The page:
So I guess Divine Intervention was us realising that. Like all else has gone, let’s throw in the towel and return to our primitive ways and embrace higher religion or something. It was “Reject everything”, a bit of a crisis with the world and just be like, “We need a divine intervention, something bigger needs to come down” because everything’s just a bit crazy and chaotic and truth no longer exists. So if truth doesn’t exist, then let the clouds part and come down, Jesus.
MF: But like a disco Jesus.
HM: Yeah, it’s like nothing matters anymore so let’s just go back to religion. We tried being truthful, and it didn’t work. So let’s just go back to how it used to be.
MF: So like throwing your inhibitions to a higher power?
HM: Yeah, I don’t believe in astrology but I’ve got this app called CoStar. And it gives me some BS every day. I’m just like, “Oh, thank you”.
MF: Yeah, I use that app too and it’s kinda fun to just pretend there is a higher power taking the wheel. You’ve already released a bunch of singles from the record, have you been happy with the fan reactions so far?
HM: Yeah, totally. I mean, by all metrics, it’s doing well. The streams are good and we get some good views on YouTube. It’s hard to balance it all up when you don’t have the live component while we’re in a pandemic. So I think our band, in terms of that response, the metrics are quite well balanced. We’ve got great numbers for our live show and a great number of streams and socials. It’s all a nice, balanced portfolio when you look at it, compared to some artists who are just like huge on TikTok, and then they can’t even sell one ticket. But yeah, I don’t know. What’s the measure of good anymore? Is it virality? But we’re happy with how it’s all tracking and people seem to be liking it. So that’s all that matters.
MF: Hopefully you can see the reactions in real-time on tour very soon. Given the album concept, can we expect some wild outfits and theatrics for the show?
HM: We’ve actually looked at trying out magic tricks and stuff. Like channelling mid-90s David Copperfield vibes. Our live shows are quite simple, we’ve become known for our live show and our mantra has always been to do things that other people aren’t doing. It’s quite easy. So when we started, we’d bring our own smoke machine to our gig. We’d get our mates to flip the house lights on and off. So I was saying to Monte, “No one is doing magic, let’s do some magic”. If there’s something that people aren’t doing, then we’ll probably do it. That’s just our equation.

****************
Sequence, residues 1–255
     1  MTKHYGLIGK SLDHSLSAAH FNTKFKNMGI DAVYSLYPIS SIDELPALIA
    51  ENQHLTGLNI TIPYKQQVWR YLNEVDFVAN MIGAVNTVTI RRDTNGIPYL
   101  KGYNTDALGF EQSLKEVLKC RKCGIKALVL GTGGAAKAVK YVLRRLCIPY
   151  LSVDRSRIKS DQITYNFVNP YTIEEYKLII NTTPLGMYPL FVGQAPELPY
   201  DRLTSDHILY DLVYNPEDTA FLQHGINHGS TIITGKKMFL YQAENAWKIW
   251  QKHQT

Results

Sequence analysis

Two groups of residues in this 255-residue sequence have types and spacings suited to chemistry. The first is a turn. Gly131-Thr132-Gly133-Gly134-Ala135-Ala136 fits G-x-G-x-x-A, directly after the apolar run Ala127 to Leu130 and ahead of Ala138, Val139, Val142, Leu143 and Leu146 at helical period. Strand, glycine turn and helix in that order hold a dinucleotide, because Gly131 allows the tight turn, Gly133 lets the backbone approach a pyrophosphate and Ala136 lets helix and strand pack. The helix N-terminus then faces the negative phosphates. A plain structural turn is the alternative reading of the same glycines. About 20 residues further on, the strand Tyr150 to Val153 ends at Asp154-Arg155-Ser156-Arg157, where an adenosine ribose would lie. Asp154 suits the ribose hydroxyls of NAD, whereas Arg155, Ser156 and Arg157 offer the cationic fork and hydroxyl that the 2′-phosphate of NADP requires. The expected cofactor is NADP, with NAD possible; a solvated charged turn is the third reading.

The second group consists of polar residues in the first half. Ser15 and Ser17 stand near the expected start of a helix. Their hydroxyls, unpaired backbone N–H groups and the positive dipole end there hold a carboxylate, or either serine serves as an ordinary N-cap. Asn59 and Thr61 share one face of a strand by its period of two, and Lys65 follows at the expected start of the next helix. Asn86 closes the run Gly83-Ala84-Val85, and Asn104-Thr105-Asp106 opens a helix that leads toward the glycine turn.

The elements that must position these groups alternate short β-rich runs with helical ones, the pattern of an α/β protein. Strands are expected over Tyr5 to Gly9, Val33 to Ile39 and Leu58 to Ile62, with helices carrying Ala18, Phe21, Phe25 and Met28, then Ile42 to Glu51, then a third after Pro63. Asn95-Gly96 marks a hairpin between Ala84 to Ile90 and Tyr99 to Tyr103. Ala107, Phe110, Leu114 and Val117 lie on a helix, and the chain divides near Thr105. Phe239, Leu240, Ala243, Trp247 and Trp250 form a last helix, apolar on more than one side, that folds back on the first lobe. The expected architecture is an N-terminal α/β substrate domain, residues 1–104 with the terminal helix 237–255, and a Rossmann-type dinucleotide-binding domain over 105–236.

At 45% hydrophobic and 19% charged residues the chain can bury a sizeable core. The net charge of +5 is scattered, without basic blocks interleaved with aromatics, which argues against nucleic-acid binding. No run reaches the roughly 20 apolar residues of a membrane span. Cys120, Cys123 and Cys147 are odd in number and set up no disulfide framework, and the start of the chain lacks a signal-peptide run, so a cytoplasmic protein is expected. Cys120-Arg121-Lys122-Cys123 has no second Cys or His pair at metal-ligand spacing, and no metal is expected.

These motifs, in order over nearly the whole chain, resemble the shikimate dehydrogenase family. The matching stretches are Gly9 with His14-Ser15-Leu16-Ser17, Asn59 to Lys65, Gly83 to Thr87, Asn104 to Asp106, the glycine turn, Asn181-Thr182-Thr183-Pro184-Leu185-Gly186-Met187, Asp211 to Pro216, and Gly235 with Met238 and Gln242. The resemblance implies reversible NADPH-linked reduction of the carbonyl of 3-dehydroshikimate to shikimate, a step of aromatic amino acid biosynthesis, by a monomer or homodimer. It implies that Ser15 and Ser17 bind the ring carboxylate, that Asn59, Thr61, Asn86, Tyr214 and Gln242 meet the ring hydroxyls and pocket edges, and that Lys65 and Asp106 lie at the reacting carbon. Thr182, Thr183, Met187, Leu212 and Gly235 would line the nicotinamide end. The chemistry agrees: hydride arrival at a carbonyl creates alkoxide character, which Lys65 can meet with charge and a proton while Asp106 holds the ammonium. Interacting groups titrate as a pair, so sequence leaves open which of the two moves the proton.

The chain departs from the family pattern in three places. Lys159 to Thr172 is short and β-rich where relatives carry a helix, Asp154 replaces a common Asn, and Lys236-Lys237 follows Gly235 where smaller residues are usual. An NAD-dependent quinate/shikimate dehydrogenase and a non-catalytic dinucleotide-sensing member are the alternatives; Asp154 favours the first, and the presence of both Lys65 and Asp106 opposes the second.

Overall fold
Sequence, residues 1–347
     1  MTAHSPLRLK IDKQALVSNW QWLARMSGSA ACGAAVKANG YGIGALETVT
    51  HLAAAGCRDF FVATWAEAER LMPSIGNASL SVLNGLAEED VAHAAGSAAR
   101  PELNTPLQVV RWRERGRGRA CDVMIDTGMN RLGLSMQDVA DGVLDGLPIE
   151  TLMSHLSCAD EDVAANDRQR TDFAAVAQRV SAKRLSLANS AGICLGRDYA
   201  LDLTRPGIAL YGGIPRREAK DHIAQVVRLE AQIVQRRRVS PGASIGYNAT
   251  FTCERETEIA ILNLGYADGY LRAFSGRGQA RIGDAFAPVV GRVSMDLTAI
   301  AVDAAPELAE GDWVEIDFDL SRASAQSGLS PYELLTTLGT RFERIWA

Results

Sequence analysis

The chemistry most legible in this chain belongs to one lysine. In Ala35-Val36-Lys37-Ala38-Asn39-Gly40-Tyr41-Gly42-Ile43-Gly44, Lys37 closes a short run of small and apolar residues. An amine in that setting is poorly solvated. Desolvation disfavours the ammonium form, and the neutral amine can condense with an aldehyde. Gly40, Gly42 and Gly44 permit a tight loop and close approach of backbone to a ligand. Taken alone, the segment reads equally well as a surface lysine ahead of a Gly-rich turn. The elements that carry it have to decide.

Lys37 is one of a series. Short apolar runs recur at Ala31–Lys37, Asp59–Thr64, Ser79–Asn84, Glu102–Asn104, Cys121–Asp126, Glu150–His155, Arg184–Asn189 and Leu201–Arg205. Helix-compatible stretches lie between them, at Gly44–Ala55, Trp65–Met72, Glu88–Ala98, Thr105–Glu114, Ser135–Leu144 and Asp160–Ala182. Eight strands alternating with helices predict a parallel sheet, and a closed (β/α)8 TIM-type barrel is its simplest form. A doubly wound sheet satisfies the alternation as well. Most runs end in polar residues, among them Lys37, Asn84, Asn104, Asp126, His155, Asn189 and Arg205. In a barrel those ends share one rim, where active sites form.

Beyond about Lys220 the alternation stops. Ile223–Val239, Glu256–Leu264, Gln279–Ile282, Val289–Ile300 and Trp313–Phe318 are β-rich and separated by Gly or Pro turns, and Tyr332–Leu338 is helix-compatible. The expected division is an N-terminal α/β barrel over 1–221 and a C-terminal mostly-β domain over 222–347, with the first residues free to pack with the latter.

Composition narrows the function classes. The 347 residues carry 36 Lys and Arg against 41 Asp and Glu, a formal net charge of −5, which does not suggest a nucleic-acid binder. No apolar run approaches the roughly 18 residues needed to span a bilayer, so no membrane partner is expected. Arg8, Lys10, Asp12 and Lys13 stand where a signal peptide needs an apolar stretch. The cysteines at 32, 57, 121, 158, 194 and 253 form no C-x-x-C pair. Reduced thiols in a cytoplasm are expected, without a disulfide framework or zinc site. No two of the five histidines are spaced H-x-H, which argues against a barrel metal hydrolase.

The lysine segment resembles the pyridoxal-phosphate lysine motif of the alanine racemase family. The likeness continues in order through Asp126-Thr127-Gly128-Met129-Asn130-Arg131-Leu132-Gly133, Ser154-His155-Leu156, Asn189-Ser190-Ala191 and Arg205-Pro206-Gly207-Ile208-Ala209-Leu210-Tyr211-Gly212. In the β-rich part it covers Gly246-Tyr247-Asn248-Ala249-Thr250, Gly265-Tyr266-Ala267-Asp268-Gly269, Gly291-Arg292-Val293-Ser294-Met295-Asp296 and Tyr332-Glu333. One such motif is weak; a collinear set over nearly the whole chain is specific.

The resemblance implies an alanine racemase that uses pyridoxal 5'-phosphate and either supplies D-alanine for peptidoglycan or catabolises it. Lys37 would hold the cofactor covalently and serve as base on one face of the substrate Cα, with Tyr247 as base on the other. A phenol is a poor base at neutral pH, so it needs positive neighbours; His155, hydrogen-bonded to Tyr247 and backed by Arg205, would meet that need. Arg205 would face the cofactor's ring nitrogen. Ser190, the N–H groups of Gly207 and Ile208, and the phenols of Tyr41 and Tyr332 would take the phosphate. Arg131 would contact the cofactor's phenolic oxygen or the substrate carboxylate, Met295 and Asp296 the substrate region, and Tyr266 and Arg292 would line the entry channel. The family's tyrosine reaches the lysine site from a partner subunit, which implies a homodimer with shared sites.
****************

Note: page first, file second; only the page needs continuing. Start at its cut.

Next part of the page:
MF: Speaking of, you’re releasing an NFT where people can own the album and part of your souls. Please tell me the inspiration behind this because it sounds like an episode of The Simpsons.
HM: Yes, for those who are over the age of 25, they might remember a show called The Simpsons. There’s an episode where Bart sells his soul to his best friend Milhouse and that was some of the inspiration.
With the NFT boom, a lot of people would be somewhat familiar with what NFTs are, it’s a new marketplace. We wanted to participate in that because we thought we’d do so whilst also making comments about the nature of NFTs as well. It’s quite self-reflective. NFT’s are somewhat intangible, so we thought it would be fun if we actually sell something that’s even more intangible than the NFT itself as a sort of comment on NFTs.
So there’s a bit of subtext and conceptual slant to the act itself and we thought it would be fun. At the end of the day, it kind of says that Client Liaison belongs to all the people and it’s yours, it’s not just selling the soul of Client Liaison it’s like giving it back to the fans.
Client Liaison have today unveiled their highly anticipated new album ‘Divine Intervention’. Experience the album HERE.